Sauter et al: Chondrosarcoma of the Larynx
of the cricoid (case 1) developed recurrence despite
conservative surgery in order to maintain laryngeal function
due to the high age of the patient. However, although
conservative surgical treatment failed to eradicate the
neoplasm, we did not perform a total laryngectomy, instead
the patient underwent further laryngeal function-preserving
surgery. The fact that the patient could be decanulated after
the second procedure argues in favour of larynx preserving
procedures. Based on the good prognosis of these laryngeal
tumours, regardless of partial or total laryngectomy, quality of
life must be taken into account. Metastatic disease is
described in about 2% to 10% of the reported cases of
laryngeal CS (2, 3, 7). The development of metastases in the
lung, bone and liver have been reported. In contrast to the
good prognosis of laryngeal CS, a rapid clinical course with
tumour-related death within two years was reported in the
literature (2). Tumour-related death is nevertheless
uncommon and occurs in rare cases with uncontrollable
growth, recurrences, involvement of vital adjacent structures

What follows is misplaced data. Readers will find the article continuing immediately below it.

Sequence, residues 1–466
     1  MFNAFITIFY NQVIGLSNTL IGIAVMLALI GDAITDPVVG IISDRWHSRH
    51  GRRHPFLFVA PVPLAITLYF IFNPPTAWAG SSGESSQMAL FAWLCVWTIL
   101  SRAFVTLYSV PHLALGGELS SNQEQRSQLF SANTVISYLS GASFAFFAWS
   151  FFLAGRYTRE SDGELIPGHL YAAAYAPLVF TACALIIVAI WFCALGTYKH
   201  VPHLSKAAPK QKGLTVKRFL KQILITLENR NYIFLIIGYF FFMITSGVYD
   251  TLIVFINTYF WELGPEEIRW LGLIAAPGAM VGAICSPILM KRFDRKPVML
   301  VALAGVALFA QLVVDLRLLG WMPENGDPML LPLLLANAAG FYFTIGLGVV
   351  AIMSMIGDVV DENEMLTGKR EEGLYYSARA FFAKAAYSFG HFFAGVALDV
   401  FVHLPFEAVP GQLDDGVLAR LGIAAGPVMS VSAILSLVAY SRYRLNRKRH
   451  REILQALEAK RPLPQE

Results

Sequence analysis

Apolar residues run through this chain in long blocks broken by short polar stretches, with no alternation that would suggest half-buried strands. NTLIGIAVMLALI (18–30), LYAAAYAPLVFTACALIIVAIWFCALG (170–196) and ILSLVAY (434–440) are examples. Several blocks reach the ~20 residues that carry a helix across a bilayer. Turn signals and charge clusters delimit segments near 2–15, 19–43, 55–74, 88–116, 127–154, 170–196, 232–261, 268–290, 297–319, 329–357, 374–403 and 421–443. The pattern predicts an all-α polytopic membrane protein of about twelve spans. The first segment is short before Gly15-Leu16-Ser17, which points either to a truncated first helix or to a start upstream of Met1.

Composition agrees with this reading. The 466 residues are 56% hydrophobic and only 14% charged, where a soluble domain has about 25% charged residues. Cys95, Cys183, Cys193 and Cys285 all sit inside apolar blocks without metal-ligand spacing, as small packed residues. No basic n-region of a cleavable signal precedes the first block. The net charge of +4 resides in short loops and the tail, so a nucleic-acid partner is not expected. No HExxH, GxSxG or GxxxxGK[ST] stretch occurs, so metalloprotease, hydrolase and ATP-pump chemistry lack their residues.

and persistent aggressive tumour (2, 11). Thompson and
Gannon (3) observed that in laryngeal CS, only 4.5% of the
patients died as a direct result of the disease.
CSs of the larynx are rare. In most cases, CS is being detected
in older men complaining of stridor and hoarseness. This
cartilaginous neoplasm is staged into three grades depending
on histological analysis. Most tumours are low to intermediate
grade, with a poorer prognosis of higher grade CS. The
majority of CSs are located in the cricoid cartilage.
Conservative surgical excision is recommended due to the
good prognosis of larnygeal CS and the generally high age of
the patients. Recurrence should be treated with salvage
laryngectomy. Nevertheless, another conservative surgical
option might be preferred because of the high age of the
patient or concommitant serious disease.
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Received January 29, 2007
Revised April 4, 2007
Accepted May 3, 2007